Reviewed by Victoria Best
I firmly believe you can never dismiss any genre of book or any particular fictional setting as not your cup of tea, because written the right way, everything becomes appealing. If you’d asked me whether I was immediately drawn to a novel about crazy adolescent twins growing up in the poor French quarter of Montréal, I might well have hesitated. But in Heather O’Neill’s glorious version of coming-of-age downtown, I found more laughter, insight and enchantment than in a dozen books with self-consciously glamorous contexts. This is a novel that’s all about the voice, and the voice is delightful.
It is 1996 and the mood in Montréal is rebellious; once again there’s talk of separation and a referendum is approaching. Also trying to make a decisive break away from the past is Nouschka Tremblay, a 19-year-old former wild child who now wants nothing more than a steady passage through night school. She’ll have to fight her twin for it, though; she and Nicolas have lived without boundaries since they were born, sleeping together, skipping school together, seeking out ever more ridiculous and lawless ways to have fun. They were brought up by their grandfather, Loulou, the products of their famous father’s liaison with a fan. Étienne, a cult folk singer believed that ‘Domestic life took down people quicker than the bubonic plague.’ And so he spun some fairy tale about their mother, who he immortalised in a few wholly fictional songs, and carried on with his own life. Except, of course, when he could use his cute offspring at live appearances and on talk shows to bolster his own image. The twins still live with the vestiges of their child star fame, but they are as ragged and tatty as Loulou’s flat. The money dried up years ago.
Nicolas is still happy with a feckless life of petty crime and he doesn’t understand why Nouschka wants to get serious. But she is the one who realises that their downhill trajectory isn’t going to look so entertaining in the years to come. The artificial aura of the spotlight has been the only warmth to nurture them, and Nouschka is aware that it has made them infamous in their quarter and yet unknown.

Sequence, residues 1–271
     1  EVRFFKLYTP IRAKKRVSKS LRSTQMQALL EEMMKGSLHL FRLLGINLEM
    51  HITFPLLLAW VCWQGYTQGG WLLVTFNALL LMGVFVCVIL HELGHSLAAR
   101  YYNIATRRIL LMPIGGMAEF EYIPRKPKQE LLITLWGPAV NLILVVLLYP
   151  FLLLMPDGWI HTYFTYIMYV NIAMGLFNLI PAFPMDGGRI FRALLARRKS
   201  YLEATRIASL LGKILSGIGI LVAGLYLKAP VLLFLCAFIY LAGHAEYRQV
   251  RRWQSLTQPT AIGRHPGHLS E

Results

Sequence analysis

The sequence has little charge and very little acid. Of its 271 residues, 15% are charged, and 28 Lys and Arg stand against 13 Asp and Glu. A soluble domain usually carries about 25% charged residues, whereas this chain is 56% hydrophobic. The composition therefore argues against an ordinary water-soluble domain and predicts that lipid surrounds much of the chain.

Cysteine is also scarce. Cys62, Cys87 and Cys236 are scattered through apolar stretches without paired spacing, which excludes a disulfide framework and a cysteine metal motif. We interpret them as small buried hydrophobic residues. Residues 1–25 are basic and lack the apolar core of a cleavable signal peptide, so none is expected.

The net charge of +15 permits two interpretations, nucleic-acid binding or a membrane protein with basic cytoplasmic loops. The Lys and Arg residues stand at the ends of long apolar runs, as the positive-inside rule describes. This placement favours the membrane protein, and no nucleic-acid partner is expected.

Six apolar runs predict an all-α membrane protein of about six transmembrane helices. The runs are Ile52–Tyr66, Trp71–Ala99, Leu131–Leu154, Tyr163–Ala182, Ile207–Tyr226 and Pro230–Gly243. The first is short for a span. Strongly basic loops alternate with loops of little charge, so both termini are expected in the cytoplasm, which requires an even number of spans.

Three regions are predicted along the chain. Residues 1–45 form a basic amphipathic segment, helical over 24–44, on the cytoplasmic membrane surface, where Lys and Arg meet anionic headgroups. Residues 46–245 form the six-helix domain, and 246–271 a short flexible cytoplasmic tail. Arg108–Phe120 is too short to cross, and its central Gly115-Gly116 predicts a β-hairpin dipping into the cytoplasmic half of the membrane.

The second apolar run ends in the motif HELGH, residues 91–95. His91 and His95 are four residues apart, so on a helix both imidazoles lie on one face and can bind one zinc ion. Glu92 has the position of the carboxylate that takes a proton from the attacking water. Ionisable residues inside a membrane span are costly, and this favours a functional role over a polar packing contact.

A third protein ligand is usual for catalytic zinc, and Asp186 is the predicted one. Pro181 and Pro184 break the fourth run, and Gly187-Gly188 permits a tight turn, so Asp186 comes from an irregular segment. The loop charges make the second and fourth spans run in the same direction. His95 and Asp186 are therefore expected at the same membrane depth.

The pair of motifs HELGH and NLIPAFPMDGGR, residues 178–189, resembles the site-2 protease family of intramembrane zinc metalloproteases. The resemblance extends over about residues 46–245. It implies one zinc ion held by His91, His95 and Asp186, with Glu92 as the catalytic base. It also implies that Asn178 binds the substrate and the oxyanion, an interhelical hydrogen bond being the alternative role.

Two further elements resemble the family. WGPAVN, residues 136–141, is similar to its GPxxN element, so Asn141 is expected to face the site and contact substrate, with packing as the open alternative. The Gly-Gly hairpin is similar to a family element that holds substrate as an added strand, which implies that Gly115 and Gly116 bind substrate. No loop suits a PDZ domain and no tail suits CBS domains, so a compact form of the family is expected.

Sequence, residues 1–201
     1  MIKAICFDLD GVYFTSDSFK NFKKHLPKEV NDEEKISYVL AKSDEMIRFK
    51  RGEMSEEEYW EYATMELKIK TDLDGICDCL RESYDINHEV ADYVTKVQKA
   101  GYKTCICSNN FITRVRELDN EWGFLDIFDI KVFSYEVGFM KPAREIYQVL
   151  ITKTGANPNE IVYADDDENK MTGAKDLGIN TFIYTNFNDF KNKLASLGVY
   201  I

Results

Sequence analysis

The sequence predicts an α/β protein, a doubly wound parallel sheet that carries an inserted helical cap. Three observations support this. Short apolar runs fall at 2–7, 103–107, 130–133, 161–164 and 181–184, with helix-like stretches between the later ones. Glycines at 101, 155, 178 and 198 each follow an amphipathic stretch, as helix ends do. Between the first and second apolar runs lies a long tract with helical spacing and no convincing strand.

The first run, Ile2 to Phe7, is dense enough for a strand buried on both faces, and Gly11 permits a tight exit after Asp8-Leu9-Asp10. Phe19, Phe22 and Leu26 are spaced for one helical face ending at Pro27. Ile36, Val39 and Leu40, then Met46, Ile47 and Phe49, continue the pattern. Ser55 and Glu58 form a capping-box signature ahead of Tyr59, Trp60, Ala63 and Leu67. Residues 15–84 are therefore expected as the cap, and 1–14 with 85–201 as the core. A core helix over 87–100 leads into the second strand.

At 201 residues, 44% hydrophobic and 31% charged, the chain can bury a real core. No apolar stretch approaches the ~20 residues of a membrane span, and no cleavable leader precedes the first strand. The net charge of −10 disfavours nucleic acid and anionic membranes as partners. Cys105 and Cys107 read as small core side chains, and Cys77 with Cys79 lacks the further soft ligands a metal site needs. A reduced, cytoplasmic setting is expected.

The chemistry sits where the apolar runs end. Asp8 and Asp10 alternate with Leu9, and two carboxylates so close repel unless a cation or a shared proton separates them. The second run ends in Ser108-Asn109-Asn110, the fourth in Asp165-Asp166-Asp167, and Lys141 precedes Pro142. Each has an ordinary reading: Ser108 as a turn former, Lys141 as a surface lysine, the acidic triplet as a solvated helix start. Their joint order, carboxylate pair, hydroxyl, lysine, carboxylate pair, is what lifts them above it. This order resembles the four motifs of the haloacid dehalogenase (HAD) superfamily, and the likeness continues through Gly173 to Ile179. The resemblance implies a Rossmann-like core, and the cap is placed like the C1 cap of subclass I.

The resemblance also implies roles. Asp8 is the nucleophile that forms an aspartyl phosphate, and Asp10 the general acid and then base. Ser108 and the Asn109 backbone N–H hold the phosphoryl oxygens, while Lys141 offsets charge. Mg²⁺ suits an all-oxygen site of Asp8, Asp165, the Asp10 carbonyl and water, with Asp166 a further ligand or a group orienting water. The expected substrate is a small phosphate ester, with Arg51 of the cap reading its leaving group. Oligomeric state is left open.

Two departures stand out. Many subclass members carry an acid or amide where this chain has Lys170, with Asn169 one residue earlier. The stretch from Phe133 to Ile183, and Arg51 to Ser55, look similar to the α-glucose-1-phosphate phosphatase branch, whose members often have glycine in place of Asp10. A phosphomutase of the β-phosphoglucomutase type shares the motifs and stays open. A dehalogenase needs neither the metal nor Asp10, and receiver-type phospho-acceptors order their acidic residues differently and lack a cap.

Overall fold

What we needed was a love that was able to shine a light on who exactly we were, so that we could be people offstage. Then we would be able to be real. Then we would be able to grow up.
Nouschka wonders whether she might find that love with the handsome, damaged Raphael, an ex-child-prodigy whose young adult life is as mixed up and close to the knife-edge as her own has been. They come together in the hope that two wrongs might make a right, and have to learn the hard way that they don’t. The core of this novel is about what love can and cannot do, how its powers of transformation can only be accessed in certain ways and how its powers of prevention are much smaller than we like to think. But this comes within the context of a narrative that shimmers with affection for all its lost souls and their shabby circumstances.
I’m not sure I’ve ever read such an entertaining and funny account about living on the wrong side of the tracks, nor such vividly beautiful descriptions of poverty. ‘Up above the all the stores were cheap apartments,’ Nouschka tells us. ‘All the blue lights from the television sets. As if the inhabitants were up late, being visited by the Virgin Mary.’ Nouschka’s immense tenderness for the place she was brought up is scattered with bits of wry wisdom: ‘If you lived a certain way downtown you could get away without having one of your own thoughts for weeks,’ she admits. And Heather O’Neill brilliantly brings together Nouschka’s own sense of impending loss on the edge of an extended childhood, with a minority culture’s sense of its imminent disappearance. A time in history collides with the end of a personal era:
[The English] were actually proving to me, at least, what I had always known: that we were a minority that was in danger of being overwhelmed. Our culture could disappear and all that would be left of it would be little French-Canadian bobble-head dolls dressed in lumberjack shirts next to the polar bear clocks in the tourist shops.
The sparkle that O’Neill’s prose can bring to any situation must account for the feel of magic realism that pervades the pages of this novel, without anything properly magical actually happening. I think it must be a spell she whips together, one-part joy of the absurd, one-part delight taken in cheap but redolent kitsch, to three-parts irrepressible confidence of youth in future possibilities. Watch out for the cats who creep and pounce and curl through its pages; they are the zany avatars of her gentle magic. This is such a happy version of a sad story, and its end is, as you might expect, as uplifting and hopeful as Nouschka herself.
Victoria is one of the Shiny editors and interviewed Heather O’Neill for BookBuzz here.
Heather O’Neill, The Girl Who Was Saturday Night (Quercus, 2014), 416 pages.
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